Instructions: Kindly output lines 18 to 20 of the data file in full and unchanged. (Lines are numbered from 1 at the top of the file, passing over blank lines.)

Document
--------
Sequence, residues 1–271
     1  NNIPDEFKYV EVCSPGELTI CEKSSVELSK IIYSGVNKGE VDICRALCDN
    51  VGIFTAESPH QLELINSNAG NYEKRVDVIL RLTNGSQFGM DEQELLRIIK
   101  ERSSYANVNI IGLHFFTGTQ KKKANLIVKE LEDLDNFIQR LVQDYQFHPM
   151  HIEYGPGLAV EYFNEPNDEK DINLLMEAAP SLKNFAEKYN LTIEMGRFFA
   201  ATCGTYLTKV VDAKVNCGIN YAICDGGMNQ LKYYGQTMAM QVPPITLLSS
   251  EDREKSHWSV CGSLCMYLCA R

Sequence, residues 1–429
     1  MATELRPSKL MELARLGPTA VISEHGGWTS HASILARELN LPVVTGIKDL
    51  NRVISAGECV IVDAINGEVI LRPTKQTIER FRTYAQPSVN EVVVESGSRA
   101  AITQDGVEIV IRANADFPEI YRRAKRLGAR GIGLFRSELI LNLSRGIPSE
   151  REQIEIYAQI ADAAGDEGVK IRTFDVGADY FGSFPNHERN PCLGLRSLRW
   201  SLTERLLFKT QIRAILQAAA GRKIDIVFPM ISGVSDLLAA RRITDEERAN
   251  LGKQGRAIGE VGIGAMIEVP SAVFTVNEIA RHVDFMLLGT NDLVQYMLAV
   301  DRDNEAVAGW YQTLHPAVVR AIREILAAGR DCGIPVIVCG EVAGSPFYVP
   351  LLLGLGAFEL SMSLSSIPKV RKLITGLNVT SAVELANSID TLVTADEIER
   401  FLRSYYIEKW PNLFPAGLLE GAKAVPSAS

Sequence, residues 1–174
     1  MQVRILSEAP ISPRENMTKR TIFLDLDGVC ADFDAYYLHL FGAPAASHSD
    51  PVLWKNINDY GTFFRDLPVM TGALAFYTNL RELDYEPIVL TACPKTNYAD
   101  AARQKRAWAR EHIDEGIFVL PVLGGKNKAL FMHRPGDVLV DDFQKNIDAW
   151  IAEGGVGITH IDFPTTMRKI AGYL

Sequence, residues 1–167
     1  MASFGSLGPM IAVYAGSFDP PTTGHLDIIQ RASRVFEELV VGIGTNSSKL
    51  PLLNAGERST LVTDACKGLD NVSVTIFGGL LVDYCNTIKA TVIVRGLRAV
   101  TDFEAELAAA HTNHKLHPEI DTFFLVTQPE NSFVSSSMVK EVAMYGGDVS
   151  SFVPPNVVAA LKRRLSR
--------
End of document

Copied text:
Sequence, residues 1–174
     1  MQVRILSEAP ISPRENMTKR TIFLDLDGVC ADFDAYYLHL FGAPAASHSD
    51  PVLWKNINDY GTFFRDLPVM TGALAFYTNL RELDYEPIVL TACPKTNYAD